The Ancient Romans were already enjoying cheeses from this Franche-Comté region, and the cheese production in the villages of Deservillers and Levier were mentioned as early as 1264-1280. In 1380, there was mention of a cheese of such a large size that it could only be produced by a cooperative. After 1678, when Franche-Comté became part of France, there was an exodus of native Helvetics. It was then that other Swiss from the Gruyère region moved to the region, bringing the method of making Gruyère cheese — the cheese we often call “Swiss cheese” — with them. It is for this reason that the original name was Gruyère de Comté, now the AOC “Comté.”

What to Eat in France: Anchoyade Languedocienne

By Friday, August 21, 2015 Permalink 0

What to Eat in France: Anchoyade Languedocienne or Anchovies from the Ancient Province of Languedoc

by Jonell Galloway

Quand se garnis uno ensalado,
Fau qu’aquéu que met la sau fugue un sage;
Aquéu que met lou vinaigre, un avare;
Aquéu que met l’òli, un proudigue.–Popular minstrel rhyme

“When dressing a salad, the person who adds the salt has to be careful; the person who adds the vinegar wise, and the person who adds the oil generous,” said the wandering minstrels in Langue d’Oc.

Anchoyade is the langue d’oc spelling. In French (and in Provence), it is written anchoïade. In English, anchoiade.

The former province of Languedoc bordered Provence, where anchoïde is king, but in Languedoc, anchovies are mashed into a paste. Anchoïade is to Provence what fondue is to the Savoy. When the anchovy mixture is pounded in a mortar, as it is in Provence, it is actually anchovy paste. Anchoyade Languedocienne differs in that the anchovies are fried and served whole.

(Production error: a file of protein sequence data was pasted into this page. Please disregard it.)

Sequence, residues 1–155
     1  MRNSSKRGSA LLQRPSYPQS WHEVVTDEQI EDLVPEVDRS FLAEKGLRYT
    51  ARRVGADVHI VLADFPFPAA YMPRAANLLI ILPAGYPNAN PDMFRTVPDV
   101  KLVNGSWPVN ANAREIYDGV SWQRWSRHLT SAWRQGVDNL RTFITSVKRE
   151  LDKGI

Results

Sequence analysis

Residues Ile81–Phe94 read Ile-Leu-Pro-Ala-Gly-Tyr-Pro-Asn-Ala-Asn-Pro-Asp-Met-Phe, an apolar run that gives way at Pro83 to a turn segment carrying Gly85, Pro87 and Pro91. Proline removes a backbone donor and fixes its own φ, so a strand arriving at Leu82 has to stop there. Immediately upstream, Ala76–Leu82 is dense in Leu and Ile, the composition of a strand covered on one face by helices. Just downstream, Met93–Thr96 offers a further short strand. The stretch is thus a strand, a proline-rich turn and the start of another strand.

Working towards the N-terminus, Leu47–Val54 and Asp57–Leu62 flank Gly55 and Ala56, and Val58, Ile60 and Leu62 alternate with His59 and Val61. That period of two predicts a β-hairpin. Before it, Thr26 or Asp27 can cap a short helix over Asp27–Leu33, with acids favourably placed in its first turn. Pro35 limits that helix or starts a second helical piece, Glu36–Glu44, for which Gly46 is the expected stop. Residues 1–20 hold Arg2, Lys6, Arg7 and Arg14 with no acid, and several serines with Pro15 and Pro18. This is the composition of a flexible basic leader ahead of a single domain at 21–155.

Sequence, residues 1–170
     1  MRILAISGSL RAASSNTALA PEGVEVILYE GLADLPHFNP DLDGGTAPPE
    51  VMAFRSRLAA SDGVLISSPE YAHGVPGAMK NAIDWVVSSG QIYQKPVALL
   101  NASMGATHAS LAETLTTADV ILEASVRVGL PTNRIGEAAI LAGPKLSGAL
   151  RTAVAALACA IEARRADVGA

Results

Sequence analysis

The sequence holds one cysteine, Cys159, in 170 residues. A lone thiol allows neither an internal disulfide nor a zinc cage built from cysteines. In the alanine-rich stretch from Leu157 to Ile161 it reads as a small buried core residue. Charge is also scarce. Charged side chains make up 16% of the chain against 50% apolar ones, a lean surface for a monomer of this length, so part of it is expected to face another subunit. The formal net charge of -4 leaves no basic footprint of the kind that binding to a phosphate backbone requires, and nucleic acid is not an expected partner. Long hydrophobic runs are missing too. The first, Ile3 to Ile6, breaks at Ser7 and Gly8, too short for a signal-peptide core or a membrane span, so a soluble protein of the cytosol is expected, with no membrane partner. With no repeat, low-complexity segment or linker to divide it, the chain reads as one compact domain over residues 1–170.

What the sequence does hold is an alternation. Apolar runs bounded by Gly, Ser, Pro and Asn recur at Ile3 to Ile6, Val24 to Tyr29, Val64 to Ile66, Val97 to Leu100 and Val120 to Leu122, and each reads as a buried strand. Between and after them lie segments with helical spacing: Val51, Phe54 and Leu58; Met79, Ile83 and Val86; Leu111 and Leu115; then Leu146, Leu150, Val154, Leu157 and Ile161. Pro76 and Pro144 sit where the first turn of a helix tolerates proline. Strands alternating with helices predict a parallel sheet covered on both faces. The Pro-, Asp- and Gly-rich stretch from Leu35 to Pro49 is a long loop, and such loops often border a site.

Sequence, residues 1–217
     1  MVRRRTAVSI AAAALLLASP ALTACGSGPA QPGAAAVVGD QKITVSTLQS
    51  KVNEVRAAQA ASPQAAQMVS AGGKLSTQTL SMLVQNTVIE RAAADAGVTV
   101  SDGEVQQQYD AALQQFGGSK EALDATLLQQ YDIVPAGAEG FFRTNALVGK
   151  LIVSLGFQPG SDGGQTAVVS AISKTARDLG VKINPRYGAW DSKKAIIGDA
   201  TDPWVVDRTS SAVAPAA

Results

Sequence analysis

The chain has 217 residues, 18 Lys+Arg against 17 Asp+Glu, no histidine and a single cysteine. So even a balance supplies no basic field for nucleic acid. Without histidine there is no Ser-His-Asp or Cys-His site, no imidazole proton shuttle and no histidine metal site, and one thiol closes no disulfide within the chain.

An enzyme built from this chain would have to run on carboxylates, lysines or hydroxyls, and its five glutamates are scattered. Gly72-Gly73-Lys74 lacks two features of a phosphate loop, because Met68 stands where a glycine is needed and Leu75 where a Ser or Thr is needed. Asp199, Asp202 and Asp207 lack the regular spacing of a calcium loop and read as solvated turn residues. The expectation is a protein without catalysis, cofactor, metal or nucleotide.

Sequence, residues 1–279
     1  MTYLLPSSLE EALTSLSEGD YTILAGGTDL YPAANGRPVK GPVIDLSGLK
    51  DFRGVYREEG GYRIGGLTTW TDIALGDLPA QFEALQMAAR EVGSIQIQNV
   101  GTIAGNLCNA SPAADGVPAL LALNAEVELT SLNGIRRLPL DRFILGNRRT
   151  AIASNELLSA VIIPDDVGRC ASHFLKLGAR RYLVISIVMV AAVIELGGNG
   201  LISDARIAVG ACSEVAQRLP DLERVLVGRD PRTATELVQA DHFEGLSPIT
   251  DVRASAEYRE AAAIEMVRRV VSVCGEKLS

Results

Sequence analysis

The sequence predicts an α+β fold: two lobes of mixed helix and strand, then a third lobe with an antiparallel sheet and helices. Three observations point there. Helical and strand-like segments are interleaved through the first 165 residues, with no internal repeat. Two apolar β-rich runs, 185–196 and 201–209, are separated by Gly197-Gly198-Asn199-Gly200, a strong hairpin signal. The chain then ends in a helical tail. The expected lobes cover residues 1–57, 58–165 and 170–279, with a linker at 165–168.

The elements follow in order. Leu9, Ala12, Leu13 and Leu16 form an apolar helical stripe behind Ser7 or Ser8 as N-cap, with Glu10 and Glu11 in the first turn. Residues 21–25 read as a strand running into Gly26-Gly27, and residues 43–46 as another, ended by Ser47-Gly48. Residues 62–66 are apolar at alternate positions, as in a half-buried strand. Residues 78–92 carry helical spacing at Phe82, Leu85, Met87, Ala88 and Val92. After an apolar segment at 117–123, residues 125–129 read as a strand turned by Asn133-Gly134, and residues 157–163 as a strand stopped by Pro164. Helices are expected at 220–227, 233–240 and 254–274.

Technically, anchoïade is considered a sauce in France, although it is eaten as we would eat dip, called bagna cauda, or banha cauda in Provençal, with fresh raw vegetables into which it is dipped, or as a spread on toast. It is also used to make Fougasse aux Anchois and on salads.

In the region, anchoïade is most often accompanied by a dry white Cassis wine.

This is a traditional recipe and is perfect for topping a salad. Today, it is almost always ground into a paste like in Provence before serving as a dip. If you wish to do this, see the instructions following the traditional recipe.

What to Eat in France: Pouteille

By Tuesday, August 18, 2015 Permalink 0

What to Eat in France: Pouteille, or Pig’s Trotter and Beef Stew from La Canourgue

by Jonell Galloway

Gargantua, épuisé après une longue marche et tenaillé par la faim, décide de s’arrêter avant d’entrer dans le village de La Canourgue. L’immense cuvette de grès située au pied du Sabot retient son attention; il s’assied sur ce curieux rocher, en attendant que les fadarelles (les fées) l’informent de la cuisson d’une étrange préparation composée de bœuf, de pieds de cochons, de pommes de terre et de vin.--Rabelais